According to the Canadian Centre on Substance Abuse, more than half of those seeking help…
Parental Mental Illness and Substance Abuse Issues Trickle Down
Problems like substance abuse and mental illness are serious and far-reaching, impacting the lives of all around. The closer a person is to someone struggling with one of these conditions, the more they tend to be affected, with spouses, parents and children bearing the brunt of the fallout. For children, having a caring adult who is honest about their parent’s situation can make a significant difference.
When a parent is trapped in dependency or is dealing with mental illness, the child experiences what one article described as two types of trickle-down effects: direct trickle-down, which impacts informed children; and indirect trickle-down, where the child is uniformed. When there is openness children can adopt healthy coping mechanisms.
Direct trickle-down would describe a child who knows that their mom or dad struggles with drug abuse or a mental illness such as bipolar disorder. The situation doesn’t change because the child has this information, but the child’s ability to adapt and cope is greatly impacted. For example, a child with an affected parent will likely have gaps in terms of met needs. If the child knows that the parent is unable to meet their needs, they are free to look for other ways to meet those needs.
Furthermore, they have the opportunity to learn that not all of their parent’s behaviors are appropriate and worth repeating. So much of what a child learns in the home comes through role modeling. Letting the child know that the role model is impaired in some way allows them to remain loyal to the parent while seeking other role models.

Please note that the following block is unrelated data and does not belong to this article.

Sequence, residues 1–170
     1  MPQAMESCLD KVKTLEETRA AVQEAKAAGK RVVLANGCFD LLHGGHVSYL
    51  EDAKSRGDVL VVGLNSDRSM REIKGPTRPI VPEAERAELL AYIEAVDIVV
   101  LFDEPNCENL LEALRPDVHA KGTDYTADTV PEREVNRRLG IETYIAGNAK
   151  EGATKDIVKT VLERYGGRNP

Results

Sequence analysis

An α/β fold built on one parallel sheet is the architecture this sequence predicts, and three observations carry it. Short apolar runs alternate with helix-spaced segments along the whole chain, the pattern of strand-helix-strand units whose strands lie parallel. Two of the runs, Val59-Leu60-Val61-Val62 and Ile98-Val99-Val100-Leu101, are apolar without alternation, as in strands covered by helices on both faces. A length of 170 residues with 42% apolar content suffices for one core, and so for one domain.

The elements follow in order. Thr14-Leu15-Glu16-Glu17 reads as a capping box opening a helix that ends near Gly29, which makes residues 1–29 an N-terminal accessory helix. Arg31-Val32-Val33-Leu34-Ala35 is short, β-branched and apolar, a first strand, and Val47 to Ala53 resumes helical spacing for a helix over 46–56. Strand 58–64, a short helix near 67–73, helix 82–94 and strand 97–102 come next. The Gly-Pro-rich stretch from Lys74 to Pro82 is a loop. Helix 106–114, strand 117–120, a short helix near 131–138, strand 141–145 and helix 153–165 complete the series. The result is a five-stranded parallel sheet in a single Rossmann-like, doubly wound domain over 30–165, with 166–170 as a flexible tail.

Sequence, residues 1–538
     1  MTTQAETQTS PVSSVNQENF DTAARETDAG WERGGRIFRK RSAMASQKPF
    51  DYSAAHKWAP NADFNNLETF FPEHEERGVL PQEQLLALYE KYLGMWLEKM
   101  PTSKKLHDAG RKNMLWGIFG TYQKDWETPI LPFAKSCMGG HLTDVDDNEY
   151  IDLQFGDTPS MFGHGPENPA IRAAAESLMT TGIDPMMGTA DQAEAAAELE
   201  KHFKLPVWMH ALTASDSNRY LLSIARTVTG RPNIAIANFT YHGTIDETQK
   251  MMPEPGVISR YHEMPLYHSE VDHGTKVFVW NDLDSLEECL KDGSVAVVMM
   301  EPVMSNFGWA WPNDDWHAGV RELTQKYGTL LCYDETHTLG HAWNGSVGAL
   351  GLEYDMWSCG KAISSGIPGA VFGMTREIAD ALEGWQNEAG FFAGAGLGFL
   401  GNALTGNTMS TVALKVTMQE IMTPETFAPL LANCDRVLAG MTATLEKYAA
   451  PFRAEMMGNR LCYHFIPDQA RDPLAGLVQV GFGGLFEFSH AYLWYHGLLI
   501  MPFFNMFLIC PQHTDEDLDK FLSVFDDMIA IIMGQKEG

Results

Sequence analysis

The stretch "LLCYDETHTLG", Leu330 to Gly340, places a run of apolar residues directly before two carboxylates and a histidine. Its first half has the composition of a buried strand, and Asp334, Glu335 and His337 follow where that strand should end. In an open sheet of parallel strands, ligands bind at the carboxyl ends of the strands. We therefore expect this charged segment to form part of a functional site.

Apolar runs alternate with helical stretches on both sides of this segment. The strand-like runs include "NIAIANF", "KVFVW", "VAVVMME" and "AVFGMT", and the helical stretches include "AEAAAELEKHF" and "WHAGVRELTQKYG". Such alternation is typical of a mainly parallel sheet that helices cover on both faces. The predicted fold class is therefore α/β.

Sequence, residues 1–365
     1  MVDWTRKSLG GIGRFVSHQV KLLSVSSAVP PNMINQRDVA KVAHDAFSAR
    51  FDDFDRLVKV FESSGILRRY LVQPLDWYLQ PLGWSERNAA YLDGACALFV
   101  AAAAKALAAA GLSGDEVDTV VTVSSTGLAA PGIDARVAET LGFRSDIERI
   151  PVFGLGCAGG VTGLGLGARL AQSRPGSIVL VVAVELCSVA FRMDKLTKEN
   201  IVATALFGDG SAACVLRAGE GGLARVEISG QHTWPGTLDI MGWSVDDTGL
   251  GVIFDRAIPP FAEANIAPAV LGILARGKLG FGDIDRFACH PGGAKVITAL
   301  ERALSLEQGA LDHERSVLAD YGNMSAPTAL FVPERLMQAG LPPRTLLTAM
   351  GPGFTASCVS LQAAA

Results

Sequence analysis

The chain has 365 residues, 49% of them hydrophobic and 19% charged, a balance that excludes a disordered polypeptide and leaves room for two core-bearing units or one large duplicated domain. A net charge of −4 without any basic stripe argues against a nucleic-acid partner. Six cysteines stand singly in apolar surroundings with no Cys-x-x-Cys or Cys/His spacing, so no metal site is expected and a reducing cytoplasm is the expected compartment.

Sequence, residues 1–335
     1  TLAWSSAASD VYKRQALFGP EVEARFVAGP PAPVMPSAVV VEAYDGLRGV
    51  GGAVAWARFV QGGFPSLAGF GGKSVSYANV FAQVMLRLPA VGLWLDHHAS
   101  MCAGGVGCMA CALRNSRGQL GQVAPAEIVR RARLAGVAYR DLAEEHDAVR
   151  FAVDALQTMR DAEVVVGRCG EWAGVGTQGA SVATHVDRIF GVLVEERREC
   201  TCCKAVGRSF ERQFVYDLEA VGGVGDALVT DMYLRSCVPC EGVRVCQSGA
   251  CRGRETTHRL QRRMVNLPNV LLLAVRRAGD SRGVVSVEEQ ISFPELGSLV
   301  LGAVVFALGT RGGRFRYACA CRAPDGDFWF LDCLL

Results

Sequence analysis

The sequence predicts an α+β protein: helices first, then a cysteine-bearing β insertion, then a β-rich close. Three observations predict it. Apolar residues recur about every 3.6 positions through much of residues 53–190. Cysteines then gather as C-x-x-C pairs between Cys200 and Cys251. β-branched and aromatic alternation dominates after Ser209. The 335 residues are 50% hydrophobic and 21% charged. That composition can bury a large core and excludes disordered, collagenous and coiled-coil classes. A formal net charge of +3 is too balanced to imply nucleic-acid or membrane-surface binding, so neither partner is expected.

In some cases, the child realizes that there are inherent dangers and they will need to keep themselves safe. When a healthy adult in the family is open about what is going on, the child has a reliable source of direction in avoiding things like physical or emotional abuse.
With indirect trickle-down, the parent’s struggle is kept hidden and unnamed. The child knows that something is wrong but has no idea what it is and they may blame themselves. Frequently, these confused children exhibit anger and negative behaviors intended to elicit either a resolution to the problem or at least an evidence of parental concern and caring.
These kids are vulnerable to self-damaging behaviors like cutting or disordered eating. Unable to connect with the parent, the child sometimes connects with another older person in their life. This could be positive if the person is a caring and responsible friend of the family, or dangerous if they latch onto someone exploiting their neediness.
Even when there is openness and honesty about the parent’s problem, children may exhibit negative behaviors. For example, if the parent abuses substances in the home, the normal taboos against such behavior are lowered. The child may decide to follow what has been role modeled and take advantage of the accessibility of drugs or alcohol.
On the other hand, the child sometimes takes on the role of rescuer. They may assume the adult position of caring, followed by anxiety over the parent’s behavior. Being preoccupied with the parent can become a shield against dealing with their own difficulties. Kids who don’t take on the rescuer role may insulate themselves from pain by retreating into a world of fantasy and pretend.
While there is no way to protect children from any impact when a parent is struggling, being honest about the problem does allow them to minimize it, and adults can help them process the pain and disappointment. And if the parent is getting help, there is plenty of opportunity for support, understanding and growth for everyone involved.
These issues will inevitably affect children in the home, but there is much that can be done to mitigate potential harm, and openness is an important first step.